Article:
Director: Drew Barrymore
Starring: Ellen Page, Marcia Gay Harden, Drew Barrymore, Kirsten Wiig
UK Release date: 7 April 2010
Certificate: 12A (111 mins)
Quirky, perky, feisty but sexy and all about girl power - Drew Barrymore’s endearing image manifests through to her directorial debut, Whip It. Premiering in the UK as the closing night film for the Birds Eye View Film Festival, a festival dedicated to women in film, what could have been more appropriate? With the rare combination of a female director, screenwriter, a predominantly female cast and a focus on female friendships and a mother-daughter relationship, this film gives a fresh perspective on the tired term, ‘girl-power’.
Bliss (Ellen Page of Juno) is a bored 17-year-old longing to escape from Bodeen, Texas. Her loving family have the best intentions but Bliss is reluctant to follow in her mother’s (Marcia Gay Harden) footsteps as a beauty pageant contestant. Bliss longs for more than her dead-end job at the local diner and pageants. By chance she finds out about a female roller-derby league in a nearby city. She lies about her age in order to join a team called the Hurl Scouts and it is not long before she transforms into Babe Ruthless and quickly becomes the team’s star. All the while she keeps this a secret from her family and maintains her double life by continuing to enter beauty pageant contests. The lies finally catch up with her and it is decision time for Bliss.
Whip It encompasses the usual elements of a sports film with the small-town black sheep as an underdog and a series of training montages. Simultaneously, it also adopts the usual conventions of a teen movie with the combination of secrets, misunderstandings and overbearing parents. Naturally, to abide by conventions, it results in Bliss’ team’s big match being scheduled on the same night as the beauty pageant her mother has been planning and preparing her for. Despite adopting the typical sports drama and a coming-of-age tale structures, screenwriter Shauna Cross adapts her novel Derby Girl in a sincere and entertaining way that provides original content to a recognisable formula.
Roller-derby mentor Maggie Mayhem (Kirsten Wiig) is depicted as someone who has made sacrifices and compromises in her life and this is a theme that reoccurs with all the leading female characters, in a way that makes them more three-dimensional. Whip It avoids the usual high-school bitchy teen movie style and deals with real issues. In fact, it is Bliss’ ability to compromise that marks her coming of age in this film. The scenes where she challenges her mother’s ‘1950s idea of womanhood’, and the confrontations and resolutions that follow between the two, offer insightful moments of sincerity in the film.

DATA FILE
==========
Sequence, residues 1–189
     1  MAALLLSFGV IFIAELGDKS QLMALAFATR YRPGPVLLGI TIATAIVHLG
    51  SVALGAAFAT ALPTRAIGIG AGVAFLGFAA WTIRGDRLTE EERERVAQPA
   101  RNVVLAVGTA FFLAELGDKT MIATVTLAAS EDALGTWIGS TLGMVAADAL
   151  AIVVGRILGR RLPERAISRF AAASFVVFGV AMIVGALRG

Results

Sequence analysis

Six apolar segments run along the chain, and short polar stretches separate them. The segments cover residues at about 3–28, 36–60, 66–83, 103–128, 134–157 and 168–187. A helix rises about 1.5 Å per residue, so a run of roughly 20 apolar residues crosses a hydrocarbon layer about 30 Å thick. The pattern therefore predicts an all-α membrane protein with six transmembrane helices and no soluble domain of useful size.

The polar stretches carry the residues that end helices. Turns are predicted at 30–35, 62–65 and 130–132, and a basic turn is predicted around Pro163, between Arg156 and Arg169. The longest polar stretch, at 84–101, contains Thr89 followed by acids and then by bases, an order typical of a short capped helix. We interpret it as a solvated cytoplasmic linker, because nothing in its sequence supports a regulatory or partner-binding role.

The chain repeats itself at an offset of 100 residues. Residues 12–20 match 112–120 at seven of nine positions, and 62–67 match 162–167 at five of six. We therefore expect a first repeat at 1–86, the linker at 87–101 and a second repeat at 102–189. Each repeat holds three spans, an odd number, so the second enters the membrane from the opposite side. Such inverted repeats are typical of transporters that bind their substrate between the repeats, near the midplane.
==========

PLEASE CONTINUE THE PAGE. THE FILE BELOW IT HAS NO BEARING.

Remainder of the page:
The portrayal of these young women being aggressive and comparing bruises is matched with the fantastically choreographed and well-shot matches that capture the raw feel and violence. However, what really gives this film its empowering quality, is not the shock of seeing women doing what men have been doing on screen for years, but the sense of female camaraderie.
Probably the least convincing relationship was between Bliss and her emo-rocker love interest, Oliver (Landon Pigg), which veered away in relevance from the storyline and delivered little, if any, chemistry. Nonetheless, this was saved by the fact that in this teen flick, for once, the heroine’s tale was not absorbed in the pursuit of a love interest. Although the romance failed to impress, the alternative subplot between Bliss and Pash (Alia Shawkat) was successful in its depiction of a real and touching friendship.
The script is quick and witty and Ellen Page yet again proves she can master the eye-rolling sarcastic teenager role with superb delivery of a series of hilarious lines. In many ways this film was much like a sequel to Juno, but even so, Page gave a superbly convincing performance. Combined with Barrymore’s infectious upbeat stamp, Whip It manages to triumph through the familiar clichés and provide us with a heartwarming and hilarious dramedy.
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